When dollars go digital

Online commerce was just the beginning. The evolution of money may be under way.

By , Staff writer of The Christian Science Monitor

The Internet is about to poke George Washington in the eye ... and Abraham Lincoln and all those other famous men peering out from the front of America's legal tender.

Thanks to online commerce, new kinds of currency will some day challenge those greenback paper giants.

No one's quite sure what they'll look like: virtual nickels and dimes people spend but never see, or frequent-flier miles, Disney dollars, or some other creation that was never minted on a government printing press. But something is coming.

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"The exchange of value on the Internet is not going to be necessarily tied to any particular piece of plastic or any particular piece of paper," says Bill Melton, chief executive and chairman of CyberCash, an online payment pioneer in Reston, Va.

"I think we're going to head into a world very quickly where you're going to see people's own currency emerge," adds Tony Fernandes, "vision guy" and cofounder of Market Systems, a San Jose, Calif., firm that helps companies set up electronic-money programs.

Of course, the clink of coins and shuffle of bills have long been giving way to the beeps and blips of more modern payment systems: credit cards and, more recently, debit cards, which immediately charge purchases to a consumer's bank account.

Poor track record

Yet previous predictions that a new e-money would challenge those innovations have proved disastrously wrong so far. E-money pioneer DigiCash declared bankruptcy last year. CyberCash and another early player, FirstVirtual, have changed their business focus.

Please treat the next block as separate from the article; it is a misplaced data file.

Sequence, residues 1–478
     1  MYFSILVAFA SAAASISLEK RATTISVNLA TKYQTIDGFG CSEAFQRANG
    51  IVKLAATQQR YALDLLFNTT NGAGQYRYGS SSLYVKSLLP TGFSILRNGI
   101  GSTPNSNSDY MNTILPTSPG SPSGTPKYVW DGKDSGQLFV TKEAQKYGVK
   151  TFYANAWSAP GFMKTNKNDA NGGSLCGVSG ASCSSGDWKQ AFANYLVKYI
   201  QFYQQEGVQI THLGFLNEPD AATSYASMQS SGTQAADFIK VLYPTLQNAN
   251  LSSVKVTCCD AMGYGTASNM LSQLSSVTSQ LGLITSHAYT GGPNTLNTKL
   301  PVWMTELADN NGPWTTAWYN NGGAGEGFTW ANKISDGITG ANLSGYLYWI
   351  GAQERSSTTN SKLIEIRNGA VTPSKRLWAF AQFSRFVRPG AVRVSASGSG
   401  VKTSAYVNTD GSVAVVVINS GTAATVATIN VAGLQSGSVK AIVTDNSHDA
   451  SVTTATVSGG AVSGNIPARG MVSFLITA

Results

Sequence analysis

Nevertheless, e-money experiments are again mushrooming online. If these new companies answer real consumers' needs, they could go a long way toward transforming the dough America spends, several observers say.

And this time, entrepreneurs seem more realistic. Instead of trying to change Americans' spending methods singlehandedly, they're targeting specific audiences with more familiar instruments.

For example:

*Buying or selling something online for as little as a nickel. Traditional credit and debit cards won't mess with such a paltry sum because they're too expensive to process. But FirstNet Financial in Los Angeles is pioneering an Internet credit card that dramatically lowers transaction costs.

"We've tested it down to 2 cents a transaction," says Eric DePrano, the company's chief executive. By relying on the power of the Internet, the company keeps costs low by eliminating the middlemen used by traditional credit cards, sends customers their bills online, and doesn't even issue any plastic. The "card" exists only as a number and an account.

*Splitting a restaurant bill using only credit cards. Today, at least one of you has to have cash. But Peter Thiel, chief executive of Confinity Inc. in Palo Alto, Calif., is rolling out a system in September that will allow individuals to pay each other by credit card.